Islamic State in Greater Sahara (ISGS) continues to demonstrate its ability to combat its al-Qaeda-affiliated nemesis, Group for Supporters of Islam and Muslims (JNIM), expanding and carrying out large-scale attacks in ways that outmatch JNIM. On October 3, for example, ISGS killed 29 Nigeriens in Takanamatt, which is roughly 35 miles from the larger city of Tahoua. The city itself is towards the interior of Niger, and not far from the capital, Niamey; this indicates that ISGS could potentially threaten Niamey itself (rfi.fr, October 3). Although Niamey has not been targeted in any significant way since a prison break in 2013, the neighboring capitals of Abuja, Nigeria, Bamako, Mali, and Ouagadougou, Burkina Faso have all been struck by either ISGS, JNIM, or their predecessors (Al Jazeera, June 3, 2013).
Moreover, the 2013 prison break was allegedly conducted by Movement for Unity and Jihad in West Africa (MUJWA) members, some of whom later joined ISGS. This included ISGS’s founder, Adnan Abu Walid al-Sahrawi. There is, therefore, some foundation for a potential ISGS breakout into Niamey in the future. Nevertheless, ISGS attacks still predominantly occur along the Niger–Burkina Faso–Mali border axis. Moreover, the group has not made any statements declaring its intention to attack Niamey or carry out any other major attacks in regional capitals (UN, December 20, 2018).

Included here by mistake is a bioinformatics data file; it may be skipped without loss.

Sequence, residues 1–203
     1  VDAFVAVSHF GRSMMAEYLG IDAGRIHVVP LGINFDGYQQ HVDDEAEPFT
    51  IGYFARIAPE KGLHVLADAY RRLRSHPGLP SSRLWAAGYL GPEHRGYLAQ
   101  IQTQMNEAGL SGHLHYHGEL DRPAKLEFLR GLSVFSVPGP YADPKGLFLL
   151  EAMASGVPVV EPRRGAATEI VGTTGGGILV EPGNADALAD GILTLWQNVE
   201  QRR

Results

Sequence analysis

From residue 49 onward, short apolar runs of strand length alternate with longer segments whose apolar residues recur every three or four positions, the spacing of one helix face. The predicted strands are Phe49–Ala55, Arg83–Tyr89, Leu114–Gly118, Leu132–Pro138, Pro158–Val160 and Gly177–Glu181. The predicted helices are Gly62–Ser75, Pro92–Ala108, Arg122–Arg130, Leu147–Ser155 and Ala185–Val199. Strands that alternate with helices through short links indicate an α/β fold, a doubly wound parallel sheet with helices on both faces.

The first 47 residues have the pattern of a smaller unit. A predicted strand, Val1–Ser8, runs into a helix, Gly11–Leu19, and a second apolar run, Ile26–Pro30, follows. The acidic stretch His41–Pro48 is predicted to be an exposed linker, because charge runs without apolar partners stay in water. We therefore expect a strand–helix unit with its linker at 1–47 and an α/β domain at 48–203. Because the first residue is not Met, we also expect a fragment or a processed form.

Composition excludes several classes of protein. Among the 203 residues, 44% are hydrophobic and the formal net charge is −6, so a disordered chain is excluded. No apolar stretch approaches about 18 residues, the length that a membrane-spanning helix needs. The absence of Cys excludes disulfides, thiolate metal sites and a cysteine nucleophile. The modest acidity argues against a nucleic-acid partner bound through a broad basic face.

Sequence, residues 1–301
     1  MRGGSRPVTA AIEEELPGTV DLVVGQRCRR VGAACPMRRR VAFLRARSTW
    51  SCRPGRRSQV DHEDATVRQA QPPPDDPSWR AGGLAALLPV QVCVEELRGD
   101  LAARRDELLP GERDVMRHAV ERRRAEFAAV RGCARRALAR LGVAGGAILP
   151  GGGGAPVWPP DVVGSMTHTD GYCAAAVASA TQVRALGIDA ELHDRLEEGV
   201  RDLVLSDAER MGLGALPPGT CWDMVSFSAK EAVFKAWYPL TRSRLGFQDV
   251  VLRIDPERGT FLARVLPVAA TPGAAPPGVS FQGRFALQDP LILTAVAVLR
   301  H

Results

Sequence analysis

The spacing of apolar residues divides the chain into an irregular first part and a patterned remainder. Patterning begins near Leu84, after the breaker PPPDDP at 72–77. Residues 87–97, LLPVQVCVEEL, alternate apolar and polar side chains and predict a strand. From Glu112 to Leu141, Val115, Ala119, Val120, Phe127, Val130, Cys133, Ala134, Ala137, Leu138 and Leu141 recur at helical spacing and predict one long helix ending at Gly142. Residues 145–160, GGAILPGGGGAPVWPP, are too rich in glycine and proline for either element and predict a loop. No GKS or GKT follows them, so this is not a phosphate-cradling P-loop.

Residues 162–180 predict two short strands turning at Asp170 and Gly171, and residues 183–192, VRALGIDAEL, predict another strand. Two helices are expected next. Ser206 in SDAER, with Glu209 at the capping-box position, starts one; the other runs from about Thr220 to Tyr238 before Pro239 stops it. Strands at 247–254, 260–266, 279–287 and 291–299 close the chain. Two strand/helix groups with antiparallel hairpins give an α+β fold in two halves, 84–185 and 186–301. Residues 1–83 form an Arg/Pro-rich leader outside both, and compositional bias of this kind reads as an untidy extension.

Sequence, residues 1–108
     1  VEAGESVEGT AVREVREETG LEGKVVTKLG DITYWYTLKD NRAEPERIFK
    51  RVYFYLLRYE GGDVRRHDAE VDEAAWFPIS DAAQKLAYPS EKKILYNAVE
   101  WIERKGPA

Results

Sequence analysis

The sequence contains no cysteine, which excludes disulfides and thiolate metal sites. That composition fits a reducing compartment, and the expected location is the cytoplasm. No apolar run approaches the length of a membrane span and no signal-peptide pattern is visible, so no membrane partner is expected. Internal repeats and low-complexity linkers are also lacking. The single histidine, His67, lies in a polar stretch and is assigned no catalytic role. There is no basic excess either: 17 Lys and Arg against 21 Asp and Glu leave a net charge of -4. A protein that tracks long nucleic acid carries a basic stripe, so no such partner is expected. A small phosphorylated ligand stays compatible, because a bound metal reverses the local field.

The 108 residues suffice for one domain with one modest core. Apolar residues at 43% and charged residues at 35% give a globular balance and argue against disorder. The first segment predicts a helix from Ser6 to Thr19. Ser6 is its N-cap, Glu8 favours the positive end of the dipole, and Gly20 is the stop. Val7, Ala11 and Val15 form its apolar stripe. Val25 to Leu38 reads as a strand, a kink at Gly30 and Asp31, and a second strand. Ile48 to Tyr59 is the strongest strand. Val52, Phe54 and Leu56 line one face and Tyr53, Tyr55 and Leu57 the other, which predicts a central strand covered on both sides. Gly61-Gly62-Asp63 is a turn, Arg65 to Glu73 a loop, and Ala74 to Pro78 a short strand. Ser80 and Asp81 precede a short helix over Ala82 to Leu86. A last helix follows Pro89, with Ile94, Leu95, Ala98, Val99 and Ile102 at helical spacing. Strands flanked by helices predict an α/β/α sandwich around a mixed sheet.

Besides the Takanamatt attack, ISGS also expanded in Burkina Faso by attacking Kalamba village on October 20. This village is in Kaya Department and is deeper into the country than most of ISGS’s previous attacks (Twitter/@Africarepor_t, October 20). Thus, just as there are indications of ISGS moving towards Niamey in Niger, there is also evidence that the group is moving into new frontiers in Burkina Faso.
Despite reports of an emerging group, Wahdat al-Muslimin (Unity of Muslims; see TM, October 11), which seeks rapprochement between ISGS and JNIM, ISGS claimed an attack on “al-Qaeda spies”—referring to JNIM—in Deou Department of Burkina Faso. If ISGS were weak, it is possible that the organization might seek to reduce tensions with JNIM. Instead, the attack indicates that ISGS is confident enough in its expansion and capabilities to continue its conflict with JNIM. Notably, ISGS has been virtually leaderless since the deaths of al-Sahrawi and his deputies in recent years.
Another factor contributing to ISGS’s resilience and its seeming confidence is the rising political turmoil in the Sahel. Niger witnessed a military coup this year, and in the past three years both Mali and Burkina Faso experienced two coups each. In addition, France is departing from the Sahel militarily, due to the anti-French stance taken by many of the new military governments (Jeune Afrique, February 10). While Russia’s Wagner Group mercenaries are cozying up to the Sahel’s new military regimes, the overall political instability combined with the region’s diminished counter-insurgency capacity has been a boon for ISGS, which had been on the back foot previously.